The Machine wants us to assume many unlikely things, with Bert Kreischer’s global fame being the most improbable. It also wants to be both high stakes as we follow Bert and his father (Mark Hamill) being chased by the mafia and comedic as they make lighthearted jokes along the way. But it never really achieves that balance. Though it looks sleek and high-budgeted, its contents are lopsided and messy, not once hitting the mark on its many targets. Moreover, it's based on a premise so thin, that it loses all credibility midway through the film. After that, it simply becomes a parody of itself. To be sure, there are some noteworthy moments in between, like when Kreischer and Hamill share genuine father-and-son moments, but for the most part, it’s just too overbearing to warrant anyone’s attention.

Genre: Action, Comedy, Crime

Actor: Aleksandar Srećković 'Kubura', Amelie Child-Villiers, Bert Kreischer, Brian Caspe, Dobrila Stojnic, Đorđe Simić, Iva Babić, Jess Gabor, Jimmy Tatro, Mark Hamill, Marko Nedeljković, Martyn Ford, Mercedes De La Cruz, Milena Predić, Miodrag Dragičević, Nikola Đuričko, Oleg Taktarov, Rita Bernard-Shaw, Robert Maaser, Set Sjöstrand, Stephanie Kurtzuba, Tea Wagner, Vladimir Gvojić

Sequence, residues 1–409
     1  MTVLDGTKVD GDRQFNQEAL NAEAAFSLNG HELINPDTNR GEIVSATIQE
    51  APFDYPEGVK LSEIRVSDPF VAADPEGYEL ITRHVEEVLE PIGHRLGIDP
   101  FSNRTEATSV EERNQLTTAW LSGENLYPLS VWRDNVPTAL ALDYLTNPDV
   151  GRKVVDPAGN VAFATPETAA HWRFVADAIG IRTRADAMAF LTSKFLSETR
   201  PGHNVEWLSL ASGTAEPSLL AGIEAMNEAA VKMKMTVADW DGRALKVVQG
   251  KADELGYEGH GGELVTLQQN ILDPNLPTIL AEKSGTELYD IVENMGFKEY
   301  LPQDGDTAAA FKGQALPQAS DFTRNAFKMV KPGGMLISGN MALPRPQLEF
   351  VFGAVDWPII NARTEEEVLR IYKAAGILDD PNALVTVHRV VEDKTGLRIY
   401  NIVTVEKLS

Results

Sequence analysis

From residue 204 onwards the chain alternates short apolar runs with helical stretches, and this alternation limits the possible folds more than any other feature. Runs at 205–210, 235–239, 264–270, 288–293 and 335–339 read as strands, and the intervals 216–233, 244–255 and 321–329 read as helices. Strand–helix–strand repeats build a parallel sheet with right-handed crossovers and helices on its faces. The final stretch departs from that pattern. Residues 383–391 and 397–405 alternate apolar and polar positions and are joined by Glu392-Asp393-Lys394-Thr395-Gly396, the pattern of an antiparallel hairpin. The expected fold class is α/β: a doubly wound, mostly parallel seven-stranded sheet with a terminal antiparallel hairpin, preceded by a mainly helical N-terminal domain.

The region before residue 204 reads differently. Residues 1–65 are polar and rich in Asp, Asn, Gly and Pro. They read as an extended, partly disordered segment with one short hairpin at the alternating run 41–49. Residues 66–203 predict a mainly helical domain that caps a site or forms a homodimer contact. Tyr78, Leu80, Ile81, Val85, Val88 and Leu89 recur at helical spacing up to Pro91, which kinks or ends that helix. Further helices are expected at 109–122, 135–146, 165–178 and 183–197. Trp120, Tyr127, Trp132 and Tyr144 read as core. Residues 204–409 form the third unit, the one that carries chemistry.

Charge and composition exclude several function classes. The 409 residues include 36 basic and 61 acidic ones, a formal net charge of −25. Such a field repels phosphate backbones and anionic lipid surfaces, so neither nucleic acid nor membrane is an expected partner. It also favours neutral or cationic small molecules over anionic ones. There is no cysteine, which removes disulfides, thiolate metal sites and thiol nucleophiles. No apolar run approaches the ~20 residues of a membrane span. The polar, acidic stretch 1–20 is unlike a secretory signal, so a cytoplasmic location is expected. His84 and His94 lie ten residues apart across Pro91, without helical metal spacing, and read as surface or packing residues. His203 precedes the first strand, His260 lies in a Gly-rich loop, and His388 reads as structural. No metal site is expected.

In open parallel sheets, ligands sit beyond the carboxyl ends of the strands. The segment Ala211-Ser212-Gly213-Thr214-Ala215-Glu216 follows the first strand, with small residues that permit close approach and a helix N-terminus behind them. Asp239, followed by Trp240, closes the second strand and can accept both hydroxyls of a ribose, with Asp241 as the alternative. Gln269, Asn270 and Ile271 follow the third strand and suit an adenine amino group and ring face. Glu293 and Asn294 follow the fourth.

Director: Peter Atencio

Rating: R

Based on the autobiography of real-life evangelical pastor Greg Laurie, Jesus Revolution recounts how a Christian movement in the '60s turned lost hippies into dedicated Christians. It was an interesting moment in time, but instead of delving into the movement's peculiarities and intricacies, Jesus Revolution offers a myopic tale that paints Laurie as a hero and the movement as inspirational when, really, they are anything but. Laurie's story never feels significant enough to justify a feature film and the movement never seems as radical as the film thinks it to be. And even though it’s autobiographical, it never really digs into Laurie's spirituality and interiority deep enough to reveal complex truths. In fact, everyone’s a caricature in this simplistic film that feels more like propaganda as it paints religion as perfect and all-saving while glossing over its many imperfections and questionable rhetoric. It could have worked as commentary, satire, or maybe even a sincere memoir, but as it is, it just feels like a short-sighted attempt at telling history.

Genre: Drama, History

Actor: Alexia Ioannides, Anna Grace Barlow, Billy Graham, Charlie Morgan Patton, DeVon Franklin, Jackson Robert Scott, Joel Courtney, Jolie Jenkins, Jonathan Roumie, Julia Campbell, Kelsey Grammer, Kevin Downes, Kimberly Williams-Paisley, Matthew Montemaro, Mina Sundwall, Nic Bishop, Nicholas Cirillo, Paras Patel, Randall Newsome, Shaun Weiss, Steve Hanks

Director: Brent McCorkle, Jon Erwin

Rating: PG-13